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frenchn00b 04-22-2009 02:47 AM

Apache: difference between chmod 644 and chmod 666 and chmod 600 for output/txt/dat?
 
Hello,

What is the difference between chmod 644 and chmod 666 and chmod 600 for output/txt/dat on website/apache server?
Little confused, in terms of security, and for board / messages... ?

Quote:

Permissions
u - User who owns the file.
g - Group that owns the file.
o - Other.
a - All.
r - Read the file.
w - Write or edit the file.
x - Execute or run the file as a program.

Numeric Permissions:
CHMOD can also to attributed by using Numeric Permissions:

400 read by owner
040 read by group
004 read by anybody (other)
200 write by owner
020 write by group
002 write by anybody
100 execute by owner
010 execute by group
001 execute by anybody
Best regards

Guttorm 04-22-2009 05:10 AM

Hi

The files always have an owner. If the file is written by the web-server, the owner will be www-data or similar.

600 : Only owner can read/write
644 : Only owner can write, others can read
666 : All uses can read/write.

frenchn00b 04-22-2009 07:02 AM

Quote:

Originally Posted by Guttorm (Post 3517117)
Hi

The files always have an owner. If the file is written by the web-server, the owner will be www-data or similar.

600 : Only owner can read/write
644 : Only owner can write, others can read
666 : All uses can read/write.

I chmoded 600 on a website and if you hit the direct link/url, people (world) can read that txt file.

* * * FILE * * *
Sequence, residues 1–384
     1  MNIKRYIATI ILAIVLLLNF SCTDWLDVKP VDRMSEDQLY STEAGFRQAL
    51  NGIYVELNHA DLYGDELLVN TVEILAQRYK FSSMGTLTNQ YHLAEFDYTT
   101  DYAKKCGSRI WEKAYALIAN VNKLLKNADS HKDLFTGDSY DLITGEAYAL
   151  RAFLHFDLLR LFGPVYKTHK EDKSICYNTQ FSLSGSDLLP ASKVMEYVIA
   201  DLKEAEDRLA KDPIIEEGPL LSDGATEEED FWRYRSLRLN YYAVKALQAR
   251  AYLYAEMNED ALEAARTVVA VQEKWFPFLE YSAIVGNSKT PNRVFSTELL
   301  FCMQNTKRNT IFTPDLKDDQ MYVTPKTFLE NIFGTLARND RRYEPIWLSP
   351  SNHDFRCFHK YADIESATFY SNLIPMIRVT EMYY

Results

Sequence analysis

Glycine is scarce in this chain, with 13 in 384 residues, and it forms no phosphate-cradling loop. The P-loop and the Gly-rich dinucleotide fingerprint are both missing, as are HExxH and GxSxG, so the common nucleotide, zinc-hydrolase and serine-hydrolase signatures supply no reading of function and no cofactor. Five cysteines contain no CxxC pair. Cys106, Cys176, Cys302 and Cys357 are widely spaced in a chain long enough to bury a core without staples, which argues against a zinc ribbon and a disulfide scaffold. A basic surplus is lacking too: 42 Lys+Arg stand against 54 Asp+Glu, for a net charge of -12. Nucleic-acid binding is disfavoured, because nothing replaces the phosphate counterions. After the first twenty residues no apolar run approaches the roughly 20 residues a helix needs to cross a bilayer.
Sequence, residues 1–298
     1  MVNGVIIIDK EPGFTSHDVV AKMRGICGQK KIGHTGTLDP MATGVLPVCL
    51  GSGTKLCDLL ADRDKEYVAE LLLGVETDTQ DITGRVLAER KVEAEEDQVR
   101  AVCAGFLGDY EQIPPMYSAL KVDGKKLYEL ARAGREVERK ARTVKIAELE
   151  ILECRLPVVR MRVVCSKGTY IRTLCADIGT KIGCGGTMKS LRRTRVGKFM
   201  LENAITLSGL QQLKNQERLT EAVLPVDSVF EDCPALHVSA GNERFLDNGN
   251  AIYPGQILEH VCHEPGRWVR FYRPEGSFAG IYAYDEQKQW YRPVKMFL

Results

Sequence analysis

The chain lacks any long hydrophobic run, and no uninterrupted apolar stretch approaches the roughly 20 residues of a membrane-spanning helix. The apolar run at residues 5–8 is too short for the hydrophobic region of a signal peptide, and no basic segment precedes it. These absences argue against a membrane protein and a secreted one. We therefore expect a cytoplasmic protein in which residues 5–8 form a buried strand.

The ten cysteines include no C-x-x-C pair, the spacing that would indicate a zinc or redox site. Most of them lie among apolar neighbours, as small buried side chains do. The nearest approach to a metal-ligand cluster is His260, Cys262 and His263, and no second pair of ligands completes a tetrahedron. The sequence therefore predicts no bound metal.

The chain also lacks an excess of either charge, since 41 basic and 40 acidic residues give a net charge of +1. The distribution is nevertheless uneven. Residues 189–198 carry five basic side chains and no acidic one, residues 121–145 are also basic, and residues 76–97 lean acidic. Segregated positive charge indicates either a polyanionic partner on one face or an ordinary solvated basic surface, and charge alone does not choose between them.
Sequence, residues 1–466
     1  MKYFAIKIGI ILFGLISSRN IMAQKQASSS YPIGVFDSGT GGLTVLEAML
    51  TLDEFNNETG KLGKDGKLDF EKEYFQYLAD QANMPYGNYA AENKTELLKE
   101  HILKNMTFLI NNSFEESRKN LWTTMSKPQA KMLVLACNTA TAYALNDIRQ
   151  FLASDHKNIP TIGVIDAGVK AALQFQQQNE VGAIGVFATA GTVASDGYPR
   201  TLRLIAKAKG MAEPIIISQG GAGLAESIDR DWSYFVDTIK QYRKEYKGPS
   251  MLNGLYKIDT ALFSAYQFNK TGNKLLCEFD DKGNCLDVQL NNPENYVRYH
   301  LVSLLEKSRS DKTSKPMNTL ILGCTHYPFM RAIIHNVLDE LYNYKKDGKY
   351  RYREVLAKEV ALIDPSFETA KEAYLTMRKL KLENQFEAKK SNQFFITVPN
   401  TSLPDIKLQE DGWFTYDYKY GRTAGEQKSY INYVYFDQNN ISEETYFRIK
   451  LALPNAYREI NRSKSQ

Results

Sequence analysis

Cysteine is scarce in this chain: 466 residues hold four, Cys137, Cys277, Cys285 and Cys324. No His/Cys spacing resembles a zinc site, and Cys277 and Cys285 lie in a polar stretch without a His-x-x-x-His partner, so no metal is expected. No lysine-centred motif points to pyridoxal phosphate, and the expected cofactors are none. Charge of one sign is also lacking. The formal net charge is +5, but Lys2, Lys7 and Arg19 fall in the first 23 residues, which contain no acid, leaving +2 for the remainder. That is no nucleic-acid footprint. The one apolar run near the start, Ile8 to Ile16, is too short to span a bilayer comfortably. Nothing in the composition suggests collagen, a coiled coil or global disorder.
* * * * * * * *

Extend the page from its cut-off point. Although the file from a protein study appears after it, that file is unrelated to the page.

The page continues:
And why fput (php) says it is better to be 666 than 644, since 644 is working too.

Code:

  $file = fopen("usernamefile.txt","w");
    fputs($file,$_POST[name]);
    fclose($file);

works with a chmod 644.

Guttorm 04-22-2009 08:02 AM

Well, the web-server is the owner of the file then, and then only the first digit matters.

frenchn00b 04-22-2009 10:46 AM

Quote:

Originally Posted by Guttorm (Post 3517256)
Well, the web-server is the owner of the file then, and then only the first digit matters.

I still dont understnd why people want something un-secured,
I quote this:


Quote:

5. Make sure file test.txt inside "logs" folder is writable by PHP scripts. On Unix (Linux) servers CHMOD this file to 666 (rw-rw-rw-).
That's it. To test if PHPGCounte works fine open graphcount.php?page=test in your browser, for example:

Guttorm 04-22-2009 12:58 PM

Well, that's a different question. Usually www-data does not have many privileges, while other accounts on a web server have a lot more. So preventing e.g. you to read/write the file, does not add much to security. You could of course chown, then chmod it 600, but that's more like securing the web server from you. :)

H_TeXMeX_H 04-22-2009 01:10 PM

I don't use the numerical permissions, they are rather obscure. Just use the regular ones, that way you know exactly what you are doing.


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